Keywords: Monopolistic competition; Poverty trap; Home market effect; Labor market clearing
    JEL: F12 R11
    Date: 2024–01–29
  4. By: Autor, David; Patterson, Christina; Van Reenen, John
    Abstract: National U.S. industrial concentration rose between 1992-2017. Simultaneously, the Herfindhahl Index of local (six-digit-NAICS by county) employment concentration fell. This divergence between national and local employment concentration is due to structural transformation. Both sales and employment concentration rose within industry-by-county cells. But activity shifted from concentrated Manufacturing towards relatively un-concentrated Services. A stronger between-sector shift in employment relative to sales explains the fall in local employment concentration. Had sectoral employment shares remained at their 1992 levels, average local employment concentration would have risen by 9% by 2017 rather than falling by 7%.
    Keywords: employment concentration; sales concentration; local labor markets; structural transformation; POID
    JEL: L11 L60 O31 O34 P33 R3
    Date: 2023–04–19
  5. By: Clémence Berson; Pierre-Philippe Combes; Laurent Gobillon; Aurélie Sotura
    Abstract: We quantify the effects of city agglomeration economies on labour earnings in France over a forty-year period using individual wage panel data. We first delineate cities at every date to consider changes in their footprint over time. We then estimate a daily wage specification that includes time-varying city effects while controlling for observed and unobserved individual heterogeneity. We regress these city effects on agglomeration variables every year, and assess how changes in values and returns to agglomeration variables affect the evolution of daily wages. We find a negligible role for changes in values, but an important role for changes in returns. There is also significant heterogeneity across cities, even among large cities of similar sizes. We propose a theoretical model in which agglomeration economies affect both population and city area. A calibration exercise shows that changes in returns to agglomeration economies are not enough to generate variations in population and city area influencing significantly aggregate labour earnings. This result is consistent with the negligible role of changes in values found in our empirical investigation.
    Keywords: Agglomeration Economies, Growth, Wages
    JEL: R23 J31 J6
    Date: 2024
  6. By: Hertrich, Tobias Johannes; Brenner, Thomas
    Abstract: The concept of “left behind” places is complex and multidimensional. It encompasses economic factors, demographic aspects, infrastructure and connectivity criteria, social factors, political and cultural aspects. Previous studies on the concept have only described the feeling of left behind very superficially. We therefore focus on the feeling of left behind. We show how individual feelings can become a regional phenomenon of left behind. The feeling of left behind is primarily fed by two components that are felt by many people in left behind places: autonomy deficit and low appreciation. Causes and suitable political measures for left behind places are derived from our conception.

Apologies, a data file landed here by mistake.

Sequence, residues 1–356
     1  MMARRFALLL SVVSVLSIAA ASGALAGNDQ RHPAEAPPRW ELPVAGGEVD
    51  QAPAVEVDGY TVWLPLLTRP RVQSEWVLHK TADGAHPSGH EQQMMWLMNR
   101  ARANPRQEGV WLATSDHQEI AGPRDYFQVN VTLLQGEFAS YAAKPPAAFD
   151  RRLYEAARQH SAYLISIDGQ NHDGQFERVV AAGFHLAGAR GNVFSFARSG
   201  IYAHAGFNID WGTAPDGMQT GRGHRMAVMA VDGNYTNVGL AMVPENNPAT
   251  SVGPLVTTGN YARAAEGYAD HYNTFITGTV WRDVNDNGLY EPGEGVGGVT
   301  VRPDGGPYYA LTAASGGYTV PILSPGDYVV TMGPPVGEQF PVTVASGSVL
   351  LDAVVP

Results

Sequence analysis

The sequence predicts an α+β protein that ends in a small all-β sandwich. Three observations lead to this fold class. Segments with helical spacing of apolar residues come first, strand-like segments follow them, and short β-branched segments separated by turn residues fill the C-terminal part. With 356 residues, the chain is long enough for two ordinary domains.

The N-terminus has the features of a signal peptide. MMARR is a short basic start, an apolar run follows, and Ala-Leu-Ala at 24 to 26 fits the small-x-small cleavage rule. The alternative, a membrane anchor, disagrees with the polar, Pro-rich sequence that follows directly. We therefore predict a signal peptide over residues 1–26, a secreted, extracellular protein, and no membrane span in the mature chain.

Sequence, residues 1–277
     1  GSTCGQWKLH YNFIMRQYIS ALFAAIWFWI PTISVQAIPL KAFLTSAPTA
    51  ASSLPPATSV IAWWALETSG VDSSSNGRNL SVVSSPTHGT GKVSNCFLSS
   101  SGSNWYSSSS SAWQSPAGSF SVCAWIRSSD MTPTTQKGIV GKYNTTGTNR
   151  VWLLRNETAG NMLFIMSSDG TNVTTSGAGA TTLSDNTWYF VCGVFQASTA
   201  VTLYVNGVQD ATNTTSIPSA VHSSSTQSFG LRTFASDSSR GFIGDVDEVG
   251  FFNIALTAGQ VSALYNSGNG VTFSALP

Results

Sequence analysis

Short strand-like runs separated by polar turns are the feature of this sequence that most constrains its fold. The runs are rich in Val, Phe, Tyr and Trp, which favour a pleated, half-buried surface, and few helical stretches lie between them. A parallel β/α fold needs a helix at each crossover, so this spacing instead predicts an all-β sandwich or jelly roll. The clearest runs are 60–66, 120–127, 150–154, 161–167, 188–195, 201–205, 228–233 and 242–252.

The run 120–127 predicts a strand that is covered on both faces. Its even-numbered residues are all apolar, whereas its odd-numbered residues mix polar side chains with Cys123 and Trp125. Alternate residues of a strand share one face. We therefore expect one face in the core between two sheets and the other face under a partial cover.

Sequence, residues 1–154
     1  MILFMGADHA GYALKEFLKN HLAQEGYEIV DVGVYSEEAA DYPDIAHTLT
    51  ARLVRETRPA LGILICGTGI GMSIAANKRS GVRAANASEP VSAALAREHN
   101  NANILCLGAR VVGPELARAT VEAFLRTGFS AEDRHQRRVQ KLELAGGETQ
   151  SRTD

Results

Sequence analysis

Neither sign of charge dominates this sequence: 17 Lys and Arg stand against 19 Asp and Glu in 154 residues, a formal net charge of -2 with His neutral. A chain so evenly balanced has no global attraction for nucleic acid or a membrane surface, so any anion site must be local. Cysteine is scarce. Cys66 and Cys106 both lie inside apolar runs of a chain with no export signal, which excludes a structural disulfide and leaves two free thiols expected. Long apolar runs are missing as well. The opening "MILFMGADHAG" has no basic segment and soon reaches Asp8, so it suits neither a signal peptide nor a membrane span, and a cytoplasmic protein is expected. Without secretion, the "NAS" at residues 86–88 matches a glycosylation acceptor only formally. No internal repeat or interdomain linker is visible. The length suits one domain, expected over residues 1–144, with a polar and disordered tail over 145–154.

Abstract: Das Konzept der left behind places ist komplex und multidimensional. Es umfasst wirtschaftliche Faktoren, demografische Aspekte, Infrastruktur- und Konnektivitätskriterien, soziale Faktoren, politische und kulturelle Aspekte. Frühere Studien zu diesem Konzept haben das Gefühl des Zurückgelassenwerdens nur sehr oberflächlich beschrieben. Wir konzentrieren uns daher auf das Gefühl des Zurückgelassenwerdens. Wir zeigen, wie individuelle Gefühle zu einem regionalen Phänomen des Zurückgelassenwerdens werden. Das Gefühl des Zurückgelassenwerdens speist sich vor allem aus zwei Komponenten gespeist, die von vielen Menschen an zurückgelassenen Orten empfunden werden: Autonomiedefizit und geringe Wertschätzung. Ursachen und geeignete politische Maßnahmen für zurückgebliebene Orte werden aus unserer Konzeption abgeleitet.
    Keywords: case study, feeling left behind, left behind place, lagging region, regional development, policy measures
    JEL: O18 O20 R11 R12
    Date: 2024
  7. By: Kenneth R. Ahern; Lei Kong; Xinyan Yan
    Abstract: Concentration is a single summary statistic driven by two opposing forces: the number of firms in a market and the evenness of their market shares. This paper introduces a generalized measure of concentration that allows researchers to vary the relative importance of each force. Using the generalized measure, we show that the widely-cited evidence of increasing industrial employment concentration is driven by the Herfindahl Index's over-weighting of evenness and under-weighting of firm counts. We propose an alternative, equally-weighted measure that has an equivalent economic meaning as the Herfindahl Index, but possesses superior statistical attributes in typical firm size distributions. Using this balanced measure, we find that employment concentration decreased from 1990 to 2020. Finally, decomposing aggregate diversity into meaningful geographic and industry subdivisions reveals that concentration within regional markets has fallen, while concentration between markets has risen.